Wood shipping pallets are a great option for creating highly effective composting systems, especially when you have a lot of organic matter to process. You can build a compost bin from wood pallets in a few easy steps.
The whole process is described here, but first take a look at the pros and cons of using pallets to make your bins:
- Advantages: They're free and the perfect size! You've probably seen pallets piled at construction sites or stacked at loading docks behind businesses and warehouses, awaiting recycling or disposal. Explain to the head honcho you'd like to recycle some to make a compost bin. Most places pay to have them hauled away and are happy to oblige. Look pallets over to make sure they're in decent shape before carting them home. Here at Bob’s Production HQ we regularly set old pallets out by the road for folks to use for just this purpose! They usually disappear pretty quickly so keep an eye out if you’re interested.
In North America, pallets commonly measure 40 x 48 inches, which creates a bin size that is ideal for composting. But other options work, as long as they provide you with a 3- to 6-foot (1- to 2-meter) square shape.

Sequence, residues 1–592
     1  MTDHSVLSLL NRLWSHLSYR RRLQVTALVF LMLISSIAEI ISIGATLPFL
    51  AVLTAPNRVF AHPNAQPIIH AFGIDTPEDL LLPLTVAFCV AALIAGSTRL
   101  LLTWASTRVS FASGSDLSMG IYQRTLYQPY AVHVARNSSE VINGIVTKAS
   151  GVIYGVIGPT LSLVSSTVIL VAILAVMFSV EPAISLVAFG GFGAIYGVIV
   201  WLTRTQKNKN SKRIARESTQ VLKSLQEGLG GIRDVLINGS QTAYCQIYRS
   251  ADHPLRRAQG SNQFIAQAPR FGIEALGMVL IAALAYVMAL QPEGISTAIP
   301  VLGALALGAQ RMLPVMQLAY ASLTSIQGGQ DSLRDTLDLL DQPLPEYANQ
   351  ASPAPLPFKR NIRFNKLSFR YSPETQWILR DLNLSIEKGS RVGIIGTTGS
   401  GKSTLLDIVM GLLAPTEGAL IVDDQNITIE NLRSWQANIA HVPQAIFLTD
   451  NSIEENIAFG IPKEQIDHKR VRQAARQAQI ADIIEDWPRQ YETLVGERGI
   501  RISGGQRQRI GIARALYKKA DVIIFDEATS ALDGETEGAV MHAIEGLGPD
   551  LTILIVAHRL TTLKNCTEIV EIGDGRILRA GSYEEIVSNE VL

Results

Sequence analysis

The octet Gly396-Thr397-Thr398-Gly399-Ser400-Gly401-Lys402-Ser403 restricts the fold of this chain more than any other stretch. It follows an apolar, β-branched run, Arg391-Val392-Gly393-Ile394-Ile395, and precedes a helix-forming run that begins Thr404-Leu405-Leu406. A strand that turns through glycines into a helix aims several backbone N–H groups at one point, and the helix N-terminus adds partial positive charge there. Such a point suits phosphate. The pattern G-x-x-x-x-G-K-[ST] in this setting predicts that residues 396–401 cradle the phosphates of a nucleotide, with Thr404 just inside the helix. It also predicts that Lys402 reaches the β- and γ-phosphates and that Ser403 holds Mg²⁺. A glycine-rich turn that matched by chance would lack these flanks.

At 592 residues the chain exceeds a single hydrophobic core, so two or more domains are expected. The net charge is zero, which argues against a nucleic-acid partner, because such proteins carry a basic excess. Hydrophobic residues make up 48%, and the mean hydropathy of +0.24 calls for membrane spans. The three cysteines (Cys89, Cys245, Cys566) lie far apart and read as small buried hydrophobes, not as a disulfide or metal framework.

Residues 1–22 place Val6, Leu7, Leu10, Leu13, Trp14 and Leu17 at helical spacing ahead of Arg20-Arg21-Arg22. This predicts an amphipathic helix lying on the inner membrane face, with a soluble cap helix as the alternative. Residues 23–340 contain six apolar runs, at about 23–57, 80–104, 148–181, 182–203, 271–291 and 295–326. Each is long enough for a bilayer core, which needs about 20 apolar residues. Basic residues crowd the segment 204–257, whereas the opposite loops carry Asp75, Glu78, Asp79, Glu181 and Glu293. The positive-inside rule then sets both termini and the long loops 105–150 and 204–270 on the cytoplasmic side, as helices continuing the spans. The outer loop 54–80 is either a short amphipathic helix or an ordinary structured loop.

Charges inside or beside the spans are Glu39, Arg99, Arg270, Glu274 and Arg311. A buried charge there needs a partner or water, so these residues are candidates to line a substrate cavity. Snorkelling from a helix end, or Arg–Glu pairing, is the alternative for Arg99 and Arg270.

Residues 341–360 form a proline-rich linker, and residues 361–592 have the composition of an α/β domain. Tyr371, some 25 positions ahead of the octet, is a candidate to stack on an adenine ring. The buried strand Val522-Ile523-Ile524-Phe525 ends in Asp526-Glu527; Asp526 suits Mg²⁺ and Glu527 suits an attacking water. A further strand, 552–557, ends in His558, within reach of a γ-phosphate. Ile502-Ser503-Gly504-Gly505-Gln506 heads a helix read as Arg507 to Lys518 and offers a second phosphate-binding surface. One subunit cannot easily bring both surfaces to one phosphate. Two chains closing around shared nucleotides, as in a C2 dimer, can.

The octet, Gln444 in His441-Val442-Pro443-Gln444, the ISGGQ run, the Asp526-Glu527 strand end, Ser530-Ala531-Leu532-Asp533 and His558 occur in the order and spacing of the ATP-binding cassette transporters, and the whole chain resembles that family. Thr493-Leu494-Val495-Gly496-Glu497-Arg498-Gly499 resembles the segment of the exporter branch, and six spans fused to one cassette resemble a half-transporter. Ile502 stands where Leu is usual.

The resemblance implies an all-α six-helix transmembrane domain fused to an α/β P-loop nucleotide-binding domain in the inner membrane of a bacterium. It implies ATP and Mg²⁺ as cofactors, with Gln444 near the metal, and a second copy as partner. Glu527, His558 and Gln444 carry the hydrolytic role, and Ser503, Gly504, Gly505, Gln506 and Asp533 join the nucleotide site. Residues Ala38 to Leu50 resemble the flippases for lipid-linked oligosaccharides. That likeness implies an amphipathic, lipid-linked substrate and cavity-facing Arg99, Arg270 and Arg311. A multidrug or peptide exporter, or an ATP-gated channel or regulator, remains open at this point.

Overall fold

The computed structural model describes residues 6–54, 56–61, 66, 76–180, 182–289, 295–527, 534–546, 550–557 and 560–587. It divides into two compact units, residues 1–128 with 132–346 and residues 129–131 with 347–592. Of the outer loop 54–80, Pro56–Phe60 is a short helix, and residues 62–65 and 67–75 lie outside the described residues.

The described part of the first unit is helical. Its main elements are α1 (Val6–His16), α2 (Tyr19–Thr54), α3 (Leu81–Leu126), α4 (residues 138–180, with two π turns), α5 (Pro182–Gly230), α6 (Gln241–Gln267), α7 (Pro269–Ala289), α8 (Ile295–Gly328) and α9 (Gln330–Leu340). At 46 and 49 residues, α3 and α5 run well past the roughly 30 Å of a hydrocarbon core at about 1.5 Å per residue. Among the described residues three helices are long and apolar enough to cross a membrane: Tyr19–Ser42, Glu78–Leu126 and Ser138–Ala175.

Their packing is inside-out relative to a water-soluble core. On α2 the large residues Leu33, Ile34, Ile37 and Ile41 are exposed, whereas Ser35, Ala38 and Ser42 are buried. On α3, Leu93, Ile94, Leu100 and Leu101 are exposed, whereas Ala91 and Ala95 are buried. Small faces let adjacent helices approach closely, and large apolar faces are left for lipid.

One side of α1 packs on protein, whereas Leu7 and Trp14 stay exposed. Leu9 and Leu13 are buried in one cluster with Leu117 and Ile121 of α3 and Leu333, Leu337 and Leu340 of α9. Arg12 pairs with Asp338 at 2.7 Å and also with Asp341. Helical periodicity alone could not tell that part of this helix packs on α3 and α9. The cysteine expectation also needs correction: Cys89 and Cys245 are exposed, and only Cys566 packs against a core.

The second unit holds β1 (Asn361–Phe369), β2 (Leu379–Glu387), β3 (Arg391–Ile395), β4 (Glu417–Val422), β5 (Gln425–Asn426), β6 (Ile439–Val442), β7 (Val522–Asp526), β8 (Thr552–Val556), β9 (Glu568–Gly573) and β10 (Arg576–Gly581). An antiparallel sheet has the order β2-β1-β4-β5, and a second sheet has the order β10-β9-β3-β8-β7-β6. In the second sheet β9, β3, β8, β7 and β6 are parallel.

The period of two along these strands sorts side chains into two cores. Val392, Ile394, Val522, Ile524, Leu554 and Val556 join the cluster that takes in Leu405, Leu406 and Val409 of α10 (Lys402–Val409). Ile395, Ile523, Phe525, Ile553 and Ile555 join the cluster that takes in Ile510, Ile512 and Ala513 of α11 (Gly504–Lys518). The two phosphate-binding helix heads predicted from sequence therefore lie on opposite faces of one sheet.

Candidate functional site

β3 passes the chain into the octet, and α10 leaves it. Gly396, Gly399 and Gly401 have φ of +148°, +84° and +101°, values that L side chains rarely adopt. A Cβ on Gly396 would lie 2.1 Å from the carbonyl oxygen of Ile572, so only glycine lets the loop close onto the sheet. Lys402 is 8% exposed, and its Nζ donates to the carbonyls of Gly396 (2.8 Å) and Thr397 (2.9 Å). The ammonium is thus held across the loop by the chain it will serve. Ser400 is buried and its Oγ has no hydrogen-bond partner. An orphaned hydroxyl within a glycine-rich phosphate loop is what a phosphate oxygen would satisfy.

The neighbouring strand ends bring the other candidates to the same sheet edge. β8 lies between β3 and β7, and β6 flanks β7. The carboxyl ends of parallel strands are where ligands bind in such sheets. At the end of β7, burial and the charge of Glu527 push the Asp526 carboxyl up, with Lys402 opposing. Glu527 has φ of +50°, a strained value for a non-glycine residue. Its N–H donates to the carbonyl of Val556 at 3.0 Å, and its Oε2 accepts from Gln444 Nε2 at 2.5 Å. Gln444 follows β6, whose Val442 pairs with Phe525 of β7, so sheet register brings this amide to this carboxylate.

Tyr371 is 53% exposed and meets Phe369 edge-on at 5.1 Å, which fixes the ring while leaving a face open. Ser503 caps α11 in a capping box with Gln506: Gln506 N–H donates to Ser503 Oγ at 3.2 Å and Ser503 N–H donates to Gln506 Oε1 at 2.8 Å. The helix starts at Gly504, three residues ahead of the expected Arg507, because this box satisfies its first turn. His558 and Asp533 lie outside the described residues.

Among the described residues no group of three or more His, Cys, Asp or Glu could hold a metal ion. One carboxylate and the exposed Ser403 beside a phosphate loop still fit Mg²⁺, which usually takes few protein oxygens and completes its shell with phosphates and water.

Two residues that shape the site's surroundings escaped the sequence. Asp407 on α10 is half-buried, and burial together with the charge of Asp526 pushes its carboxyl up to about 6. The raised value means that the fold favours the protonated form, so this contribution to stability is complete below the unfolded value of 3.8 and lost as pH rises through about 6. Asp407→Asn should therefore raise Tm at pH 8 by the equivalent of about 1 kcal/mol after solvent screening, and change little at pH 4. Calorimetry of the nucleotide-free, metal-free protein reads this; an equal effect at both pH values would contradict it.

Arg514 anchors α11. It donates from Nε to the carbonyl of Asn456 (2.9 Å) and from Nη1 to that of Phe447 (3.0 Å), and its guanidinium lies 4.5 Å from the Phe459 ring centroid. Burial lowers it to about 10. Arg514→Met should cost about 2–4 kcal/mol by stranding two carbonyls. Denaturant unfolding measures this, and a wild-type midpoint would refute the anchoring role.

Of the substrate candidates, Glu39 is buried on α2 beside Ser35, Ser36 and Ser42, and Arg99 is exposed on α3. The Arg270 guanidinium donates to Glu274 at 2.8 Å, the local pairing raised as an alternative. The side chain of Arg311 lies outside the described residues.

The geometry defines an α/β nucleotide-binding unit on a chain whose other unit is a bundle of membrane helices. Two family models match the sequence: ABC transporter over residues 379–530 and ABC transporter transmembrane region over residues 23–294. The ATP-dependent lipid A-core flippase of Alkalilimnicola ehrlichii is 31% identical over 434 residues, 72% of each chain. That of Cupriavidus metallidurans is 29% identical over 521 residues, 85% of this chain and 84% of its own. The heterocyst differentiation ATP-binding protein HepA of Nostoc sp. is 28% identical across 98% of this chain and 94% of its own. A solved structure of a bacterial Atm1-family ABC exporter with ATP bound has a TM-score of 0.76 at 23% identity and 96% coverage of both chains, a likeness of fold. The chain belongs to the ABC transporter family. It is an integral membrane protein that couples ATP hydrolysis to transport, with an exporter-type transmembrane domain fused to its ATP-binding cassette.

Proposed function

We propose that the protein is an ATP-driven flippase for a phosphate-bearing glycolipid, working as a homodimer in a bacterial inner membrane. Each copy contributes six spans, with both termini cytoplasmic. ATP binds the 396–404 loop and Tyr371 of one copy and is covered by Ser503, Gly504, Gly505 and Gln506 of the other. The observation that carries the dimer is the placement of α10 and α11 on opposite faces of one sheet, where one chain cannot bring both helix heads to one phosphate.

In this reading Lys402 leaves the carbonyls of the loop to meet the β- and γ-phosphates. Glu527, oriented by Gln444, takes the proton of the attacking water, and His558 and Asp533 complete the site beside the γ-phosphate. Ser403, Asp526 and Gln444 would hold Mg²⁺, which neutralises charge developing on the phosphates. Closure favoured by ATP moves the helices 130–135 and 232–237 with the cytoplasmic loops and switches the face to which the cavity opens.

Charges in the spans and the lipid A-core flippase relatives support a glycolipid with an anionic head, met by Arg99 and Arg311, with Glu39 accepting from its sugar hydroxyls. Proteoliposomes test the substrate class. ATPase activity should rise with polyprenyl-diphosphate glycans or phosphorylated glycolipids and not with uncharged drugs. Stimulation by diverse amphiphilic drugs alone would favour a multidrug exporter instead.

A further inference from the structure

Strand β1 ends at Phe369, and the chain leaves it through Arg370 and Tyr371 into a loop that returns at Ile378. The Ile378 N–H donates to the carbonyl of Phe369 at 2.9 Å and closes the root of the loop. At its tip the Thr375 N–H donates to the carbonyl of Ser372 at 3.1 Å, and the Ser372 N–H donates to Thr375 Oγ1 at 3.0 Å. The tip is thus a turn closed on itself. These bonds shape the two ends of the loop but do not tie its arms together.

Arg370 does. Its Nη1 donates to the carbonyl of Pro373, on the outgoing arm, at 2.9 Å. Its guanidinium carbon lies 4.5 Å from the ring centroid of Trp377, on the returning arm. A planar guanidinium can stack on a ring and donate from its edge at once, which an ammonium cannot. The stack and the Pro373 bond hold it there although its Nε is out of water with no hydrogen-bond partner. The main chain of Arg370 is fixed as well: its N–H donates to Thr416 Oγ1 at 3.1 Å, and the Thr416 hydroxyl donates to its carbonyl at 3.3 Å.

- Disadvantages: Depending on size and type of wood, a single pallet can weigh 20 to 50 pounds (9 to 23 kilograms). Pallets aren't as easy to reposition around the yard as some choices, but they're still faster to move and set up than concrete blocks or straw bales.
Here is all you need to gather for this project:
- Four same-sized pallets per bin. Pallets with narrow spaces between slats hold back organic materials better than those with wide spaces.
- Baling wire or nylon rope to lash pallets together at the corners.
- Wire cutters or a utility knife to cut ties.
One person can assemble a shipping pallet compost bin, although it goes smoother with two: one to hold the pallets upright and steady while the other ties them together. Follow these steps to erect the bin:
- Level the ground where your bin will be.
- Set the pallets upright in a box shape.
- Lash the pallets securely together at the corners with wire or rope ties.
The front pallet acts as a hinged door, allowing you to access your compost by undoing the ties on one side and swinging it open. You can also remove the entire pallet to have wider access when adding or turning organic matter.
Add second and third bins to your first shipping-pallet bin using common side walls. You need three pallets for each additional bin.